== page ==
Kalimpong

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Kalimpong
Town
Kalimpong Municipality
View of Kalimpong, India.jpg
View of Kalimpong town
West Bengal location map.svg
Red pog.svg
Kalimpong
India location map.svg
Red pog.svg
Kalimpong
Coordinates: 27°04′N88°28′E / 27.06°N 88.47°E / 27.06; 88.47
CountryFlag of India.svg  India
State West Bengal
District Kalimpong
Named for Kaley Bung
Government
  Type Municipality
  BodyKalimpong Municipality
   Chairman Rabi Pradhan
Area
[1]
  Total9.168 km2 (3.540 sq mi)
Elevation
1,247 m (4,091 ft)
Population
 (2011) [1]
  Total49,403
  Density5,400/km2 (14,000/sq mi)
Languages
  Official Nepali and Bengali [2] [3]
  Additional official English [2]
Time zone UTC+5:30 (IST)
PIN
734 301/734 316
Telephone code03552
Vehicle registration WB-78, 79
Lok Sabha constituency Darjeeling
Vidhan Sabha constituency Kalimpong
Website kalimpong.gov.in

Kalimpong is a town and the headquarters of an eponymous district in the Indian state of West Bengal. It is located at an average elevation of 1,250 metres (4,101 ft). [4] The town is the headquarters of the Kalimpong district. [5] The region comes under Gorkhaland Territorial Administration which is an autonomous governing body within the state of West Bengal. The Indian Army's 27 Mountain Division is located on the outskirts of the city. [6]

Contents

Kalimpong is known for its educational institutions, many of which were established during the British colonial period. [7] It used to be a gateway in the trade between Tibet and India before China's annexation of Tibet and the Sino-Indian War. Kalimpong and neighbouring Darjeeling were major centres calling for a separate Gorkhaland state in the 1980s, and more recently in 2010.

The municipality sits on a ridge overlooking the Teesta River and is a tourist destination owing to its temperate climate, natural environment and proximity to popular tourist locations in the region. Horticulture is important to Kalimpong: It has a flower market notable for its wide array of orchids; nurseries, which export Himalayan grown flower bulbs, tubers and rhizomes, contribute to the economy of Kalimpong. [4] The Tibetan Buddhist monastery Zang Dhok Palri Phodang holds a number of rare Tibetan Buddhist scriptures. [8]

The Kalimpong Science Centre, established under the Darjeeling Gorkha Hill Council in 2008 is a recent addition to its many tourist attractions. The Science Centre, which provides for scientific awareness among the students of the town and the locals sits atop the Deolo Hill.

Etymology

The precise origin of the name Kalimpong remains unclear. There are many theories on the origin of the name. One widely accepted theory claims that the name "Kalimpong" means "Assembly (or Stockade) of the King's Ministers" in Tibetan, derived from kalon ("King's ministers") and pong ("stockade"). [9] The name may be derived from the translation "ridge where we play" from Lepcha, as it was known to be the place for traditional tribal gatherings for summer sporting events. People from the hills call the area Kalempung ("the black spurs").[ citation needed ]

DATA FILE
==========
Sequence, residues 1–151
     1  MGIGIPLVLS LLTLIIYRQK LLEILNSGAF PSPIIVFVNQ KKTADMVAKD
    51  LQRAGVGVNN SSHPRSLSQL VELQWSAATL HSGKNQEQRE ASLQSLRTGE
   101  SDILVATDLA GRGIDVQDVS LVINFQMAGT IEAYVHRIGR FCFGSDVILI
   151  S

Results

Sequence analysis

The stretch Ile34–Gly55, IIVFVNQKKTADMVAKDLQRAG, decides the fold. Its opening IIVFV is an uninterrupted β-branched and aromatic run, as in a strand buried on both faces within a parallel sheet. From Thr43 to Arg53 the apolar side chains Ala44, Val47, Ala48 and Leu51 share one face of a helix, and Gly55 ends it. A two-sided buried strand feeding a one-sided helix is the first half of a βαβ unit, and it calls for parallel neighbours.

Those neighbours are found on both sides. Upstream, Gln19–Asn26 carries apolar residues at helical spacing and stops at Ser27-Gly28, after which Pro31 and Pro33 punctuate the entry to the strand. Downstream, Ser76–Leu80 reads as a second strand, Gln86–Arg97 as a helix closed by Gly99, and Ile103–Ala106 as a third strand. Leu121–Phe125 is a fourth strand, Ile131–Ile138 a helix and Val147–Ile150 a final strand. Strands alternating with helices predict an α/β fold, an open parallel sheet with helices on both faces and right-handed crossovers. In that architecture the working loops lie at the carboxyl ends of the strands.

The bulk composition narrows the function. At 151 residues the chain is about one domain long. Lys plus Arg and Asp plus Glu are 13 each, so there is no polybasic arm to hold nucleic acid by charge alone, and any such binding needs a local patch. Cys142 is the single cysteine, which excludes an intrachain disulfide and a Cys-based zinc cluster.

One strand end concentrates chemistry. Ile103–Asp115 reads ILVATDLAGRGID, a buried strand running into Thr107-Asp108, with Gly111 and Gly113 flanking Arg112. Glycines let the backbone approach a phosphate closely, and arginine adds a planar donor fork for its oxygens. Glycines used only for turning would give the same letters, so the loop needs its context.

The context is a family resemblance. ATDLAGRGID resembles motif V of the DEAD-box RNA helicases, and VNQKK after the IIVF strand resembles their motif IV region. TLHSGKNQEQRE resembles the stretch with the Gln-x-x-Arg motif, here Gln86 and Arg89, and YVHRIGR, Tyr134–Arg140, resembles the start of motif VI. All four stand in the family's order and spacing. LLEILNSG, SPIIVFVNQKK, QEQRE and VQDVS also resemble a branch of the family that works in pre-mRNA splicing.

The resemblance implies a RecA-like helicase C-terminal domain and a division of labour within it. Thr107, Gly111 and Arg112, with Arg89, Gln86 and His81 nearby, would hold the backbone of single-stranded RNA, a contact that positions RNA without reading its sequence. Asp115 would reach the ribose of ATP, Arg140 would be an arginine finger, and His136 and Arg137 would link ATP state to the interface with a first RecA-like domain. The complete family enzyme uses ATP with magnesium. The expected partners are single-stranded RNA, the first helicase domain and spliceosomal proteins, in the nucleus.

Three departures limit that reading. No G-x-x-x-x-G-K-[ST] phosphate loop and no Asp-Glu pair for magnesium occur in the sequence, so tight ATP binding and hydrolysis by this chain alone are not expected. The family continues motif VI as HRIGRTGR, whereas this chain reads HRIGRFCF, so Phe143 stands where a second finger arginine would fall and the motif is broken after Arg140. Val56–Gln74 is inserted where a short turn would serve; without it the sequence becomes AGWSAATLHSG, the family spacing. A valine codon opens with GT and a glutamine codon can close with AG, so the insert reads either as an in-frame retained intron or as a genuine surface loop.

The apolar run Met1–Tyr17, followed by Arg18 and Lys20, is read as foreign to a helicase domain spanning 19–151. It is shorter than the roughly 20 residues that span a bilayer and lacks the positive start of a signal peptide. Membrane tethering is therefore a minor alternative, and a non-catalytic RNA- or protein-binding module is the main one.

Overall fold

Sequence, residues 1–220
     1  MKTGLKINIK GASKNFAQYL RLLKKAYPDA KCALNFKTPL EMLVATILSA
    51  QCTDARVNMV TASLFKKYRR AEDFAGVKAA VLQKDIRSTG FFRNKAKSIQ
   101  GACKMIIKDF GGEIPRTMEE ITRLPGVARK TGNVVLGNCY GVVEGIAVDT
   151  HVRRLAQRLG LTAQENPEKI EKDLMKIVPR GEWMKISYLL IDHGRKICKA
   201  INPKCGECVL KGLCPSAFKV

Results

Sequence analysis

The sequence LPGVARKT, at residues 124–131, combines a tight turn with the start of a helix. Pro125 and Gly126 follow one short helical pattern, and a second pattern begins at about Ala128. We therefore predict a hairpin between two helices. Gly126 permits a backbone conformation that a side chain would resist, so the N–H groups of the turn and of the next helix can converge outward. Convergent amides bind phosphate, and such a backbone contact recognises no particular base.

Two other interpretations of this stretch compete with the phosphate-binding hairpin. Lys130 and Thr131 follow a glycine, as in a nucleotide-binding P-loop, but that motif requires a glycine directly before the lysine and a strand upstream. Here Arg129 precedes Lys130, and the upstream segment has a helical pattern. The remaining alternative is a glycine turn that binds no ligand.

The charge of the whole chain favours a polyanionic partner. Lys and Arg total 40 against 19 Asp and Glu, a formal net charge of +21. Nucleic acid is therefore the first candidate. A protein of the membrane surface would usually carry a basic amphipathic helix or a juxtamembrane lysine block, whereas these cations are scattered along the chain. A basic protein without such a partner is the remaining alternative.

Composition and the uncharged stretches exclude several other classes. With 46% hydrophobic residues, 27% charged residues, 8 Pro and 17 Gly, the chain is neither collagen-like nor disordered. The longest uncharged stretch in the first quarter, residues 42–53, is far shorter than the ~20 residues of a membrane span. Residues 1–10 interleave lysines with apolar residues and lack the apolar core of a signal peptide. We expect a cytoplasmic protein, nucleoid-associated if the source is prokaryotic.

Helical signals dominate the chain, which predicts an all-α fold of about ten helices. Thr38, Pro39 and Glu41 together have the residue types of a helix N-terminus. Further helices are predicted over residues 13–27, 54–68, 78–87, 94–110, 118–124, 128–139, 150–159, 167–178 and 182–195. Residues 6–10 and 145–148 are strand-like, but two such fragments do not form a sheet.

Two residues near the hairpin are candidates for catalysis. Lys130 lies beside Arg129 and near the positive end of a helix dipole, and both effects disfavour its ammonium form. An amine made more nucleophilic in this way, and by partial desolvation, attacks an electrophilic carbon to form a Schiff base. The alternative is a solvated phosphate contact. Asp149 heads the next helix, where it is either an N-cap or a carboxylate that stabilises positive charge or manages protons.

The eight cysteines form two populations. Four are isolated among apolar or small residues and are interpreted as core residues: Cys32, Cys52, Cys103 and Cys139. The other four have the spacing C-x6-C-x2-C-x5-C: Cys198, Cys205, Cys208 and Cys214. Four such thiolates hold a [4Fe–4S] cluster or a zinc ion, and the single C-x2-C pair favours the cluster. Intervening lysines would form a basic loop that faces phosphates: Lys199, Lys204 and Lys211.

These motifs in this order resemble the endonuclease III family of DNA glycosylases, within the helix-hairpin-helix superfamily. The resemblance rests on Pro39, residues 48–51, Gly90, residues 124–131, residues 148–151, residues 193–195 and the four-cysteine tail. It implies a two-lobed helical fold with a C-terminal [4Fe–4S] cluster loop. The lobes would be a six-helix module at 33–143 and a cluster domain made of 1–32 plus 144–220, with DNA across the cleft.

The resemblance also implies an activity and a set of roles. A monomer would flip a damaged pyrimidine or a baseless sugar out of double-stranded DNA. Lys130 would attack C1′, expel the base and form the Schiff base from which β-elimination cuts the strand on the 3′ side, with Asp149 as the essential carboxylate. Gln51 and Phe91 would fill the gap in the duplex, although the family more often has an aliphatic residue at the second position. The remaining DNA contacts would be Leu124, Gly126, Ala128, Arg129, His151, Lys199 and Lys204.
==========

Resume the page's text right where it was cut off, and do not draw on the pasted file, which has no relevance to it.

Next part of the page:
According to K.P. Tamsang, author of The Untold and Unknown Reality about the Lepchas, the term Kalimpong is deduced from the name Kalenpung, which in Lepcha means "Hillock of Assemblage"; [10] in time, the name was distorted to Kalebung, and later further contorted to Kalimpong. Another possible derivation points to Kaulim(कलयुम), locally known as odal(उदाल) Scientific name Sterculia Villosa, a fibrous plant found in abundance in the region. [11]

History

Katherine Graham Memorial Chapel, Dr. Graham's Homes Katherine Graham Memorial Chapel, Dr. Graham's Homes, Kalimpong, West Bengal Side.jpg
Katherine Graham Memorial Chapel, Dr. Graham's Homes
The Clock Tower of Kalimpong. Kalimpong Clock Tower.jpg
The Clock Tower of Kalimpong.

Until the mid-19th century, the area around Kalimpong was ruled in succession by the Sikkimese and Bhutanese kingdoms. [10] [12] Kalimpong is said to have come under the control of Bhutan in the year 1706. [13] However, according to historians, the Bhutanese encroachments had been in effect for about two decades by then, following the defeat of Gyalpo Ajok and other Lepcha chieftans. [14]

The area was sparsely populated by the indigenous Lepcha community and migrant Bhutia, Limbu and Kirati tribes.[ citation needed ]

After the Anglo-Bhutan War in 1864, the Treaty of Sinchula (1865) was signed, in which Bhutanese-held territory east of the Teesta River was ceded to the British East India Company. [10] [ clarification needed ] It was administered as the 'Western Duars' district for a few years, and divided into three tehsils. Kalimpong fell into the Dalingkot tehsil, which consisted of all the mountainous part of the annexed territory. In 1867, the Dalingkot tehsil was merged with the Darjeeling district, and eventually renamed the Kalimpong Subdivision. [15]